Acute effects of post-absorptive and postprandial moderate exercise on markers of inflammation in hyperglycemic individuals
Journal article, Peer reviewed
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Original versionEuropean Journal of Applied Physiology. 2017, 117 (4), 1-8. 10.1007/s00421-017-3576-2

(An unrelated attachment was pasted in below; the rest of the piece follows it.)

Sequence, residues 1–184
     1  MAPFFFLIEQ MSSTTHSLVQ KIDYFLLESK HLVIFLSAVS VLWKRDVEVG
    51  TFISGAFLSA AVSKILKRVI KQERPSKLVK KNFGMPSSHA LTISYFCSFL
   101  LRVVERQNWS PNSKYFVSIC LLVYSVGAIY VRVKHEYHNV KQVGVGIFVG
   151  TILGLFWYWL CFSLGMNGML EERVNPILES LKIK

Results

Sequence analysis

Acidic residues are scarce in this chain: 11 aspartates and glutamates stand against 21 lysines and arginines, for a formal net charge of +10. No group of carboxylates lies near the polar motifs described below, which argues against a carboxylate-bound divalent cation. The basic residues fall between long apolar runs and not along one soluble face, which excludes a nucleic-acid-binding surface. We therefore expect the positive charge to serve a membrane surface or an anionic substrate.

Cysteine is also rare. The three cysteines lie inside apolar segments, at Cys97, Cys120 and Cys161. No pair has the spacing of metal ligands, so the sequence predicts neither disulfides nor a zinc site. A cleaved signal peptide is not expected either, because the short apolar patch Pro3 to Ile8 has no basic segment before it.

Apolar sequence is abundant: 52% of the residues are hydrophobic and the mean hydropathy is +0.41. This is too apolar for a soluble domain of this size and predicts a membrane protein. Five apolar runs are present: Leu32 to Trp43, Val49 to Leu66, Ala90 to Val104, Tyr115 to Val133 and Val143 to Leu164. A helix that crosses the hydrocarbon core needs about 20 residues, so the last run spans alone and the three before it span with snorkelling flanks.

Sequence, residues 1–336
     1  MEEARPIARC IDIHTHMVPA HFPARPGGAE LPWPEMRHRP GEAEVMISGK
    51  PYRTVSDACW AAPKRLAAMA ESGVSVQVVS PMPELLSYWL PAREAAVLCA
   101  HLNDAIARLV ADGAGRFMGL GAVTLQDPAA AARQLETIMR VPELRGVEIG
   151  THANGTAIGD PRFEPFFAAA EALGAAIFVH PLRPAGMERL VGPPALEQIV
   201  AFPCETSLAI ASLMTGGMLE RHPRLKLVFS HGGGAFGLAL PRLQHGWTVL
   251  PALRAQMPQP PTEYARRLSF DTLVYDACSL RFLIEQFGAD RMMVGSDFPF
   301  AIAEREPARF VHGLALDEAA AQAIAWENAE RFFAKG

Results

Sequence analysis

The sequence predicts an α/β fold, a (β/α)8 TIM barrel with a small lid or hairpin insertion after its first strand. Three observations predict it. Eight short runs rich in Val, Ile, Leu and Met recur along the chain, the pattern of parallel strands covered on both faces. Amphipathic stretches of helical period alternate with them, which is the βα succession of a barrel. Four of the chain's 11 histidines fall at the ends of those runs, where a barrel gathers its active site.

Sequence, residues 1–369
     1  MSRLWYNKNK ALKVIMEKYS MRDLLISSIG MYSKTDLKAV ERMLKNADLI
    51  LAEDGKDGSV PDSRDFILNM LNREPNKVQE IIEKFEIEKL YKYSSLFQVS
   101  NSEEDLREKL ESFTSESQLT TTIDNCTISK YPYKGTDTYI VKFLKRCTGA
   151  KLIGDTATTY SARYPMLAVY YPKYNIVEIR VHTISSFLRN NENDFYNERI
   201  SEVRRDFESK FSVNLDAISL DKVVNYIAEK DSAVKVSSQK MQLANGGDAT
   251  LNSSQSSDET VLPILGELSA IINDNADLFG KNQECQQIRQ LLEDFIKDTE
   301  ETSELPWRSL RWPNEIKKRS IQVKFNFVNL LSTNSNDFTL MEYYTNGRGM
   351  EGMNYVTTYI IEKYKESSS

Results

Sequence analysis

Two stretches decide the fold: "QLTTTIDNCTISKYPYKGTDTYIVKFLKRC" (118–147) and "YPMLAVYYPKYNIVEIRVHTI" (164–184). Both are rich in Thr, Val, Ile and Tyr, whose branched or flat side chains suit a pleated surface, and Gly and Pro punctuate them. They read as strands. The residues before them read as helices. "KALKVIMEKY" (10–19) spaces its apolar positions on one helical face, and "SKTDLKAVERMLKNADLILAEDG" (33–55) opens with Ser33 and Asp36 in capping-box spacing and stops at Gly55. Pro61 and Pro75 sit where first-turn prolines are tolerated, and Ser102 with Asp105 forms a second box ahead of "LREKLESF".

Abstract Purpose Systemic inflammation is involved in the development of several diseases, including cardiovascular disease and type 2 diabetes. It is known that vigorous exercise affects systemic inflammation, but less is known about exercise at lower intensities. Hyperglycemia can also entail pro-inflammatory responses; however, postprandial hyperglycemia is blunted if the meal is followed by exercise. Hypotheses were: (1) moderate physical exercise acutely affects levels of C-reactive protein (CRP) and serum soluble vascular cell adhesion molecule 1 (sVCAM-1) in hyperglycemic individuals and (2) the effect depends on whether the activity is performed in a post-absorptive or postprandial state. Methods Twelve participants diagnosed with hyperglycemia, but not using anti-diabetic medication, underwent three test days in a randomized cross-over study; 1 control day without exercise, 1 day with 60 min of treadmill walking ending 30 min before breakfast, and 1 day with an identical bout of activity 30 min after the start of breakfast. Food intake was strictly standardized and venous blood for CRP, and sVCAM-1 analysis was sampled at standardized timepoints during the first 3.5 h after breakfast and once 24 h later. Results Merged data from the two exercise days showed that sVCAM-1 increased from baseline (4 ± 16 ng/mL) compared to the control condition (−28 ± 47 ng/mL, ES = 0.7, p = 0.024). There was no statistically significant difference in changes in sVCAM-1 levels between the two exercise test days. Exercise did not affect CRP values. Conclusion Moderate exercise increases sVCAM-1 in hyperglycemic individuals, whereas it does not affect CRP.